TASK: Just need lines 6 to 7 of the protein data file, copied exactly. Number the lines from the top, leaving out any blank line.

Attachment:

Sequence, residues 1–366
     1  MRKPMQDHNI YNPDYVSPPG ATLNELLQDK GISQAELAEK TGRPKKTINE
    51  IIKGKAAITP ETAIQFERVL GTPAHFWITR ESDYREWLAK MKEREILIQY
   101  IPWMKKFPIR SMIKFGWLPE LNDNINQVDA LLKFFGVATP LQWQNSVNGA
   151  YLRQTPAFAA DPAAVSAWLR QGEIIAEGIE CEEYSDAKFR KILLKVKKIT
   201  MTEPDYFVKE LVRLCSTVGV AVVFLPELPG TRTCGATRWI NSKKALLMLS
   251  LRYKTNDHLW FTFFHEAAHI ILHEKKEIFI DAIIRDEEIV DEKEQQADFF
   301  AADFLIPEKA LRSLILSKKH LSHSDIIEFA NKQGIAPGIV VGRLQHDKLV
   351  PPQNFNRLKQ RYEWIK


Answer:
   201  MTEPDYFVKE LVRLCSTVGV AVVFLPELPG TRTCGATRWI NSKKALLMLS
   251  LRYKTNDHLW FTFFHEAAHI ILHEKKEIFI DAIIRDEEIV DEKEQQADFF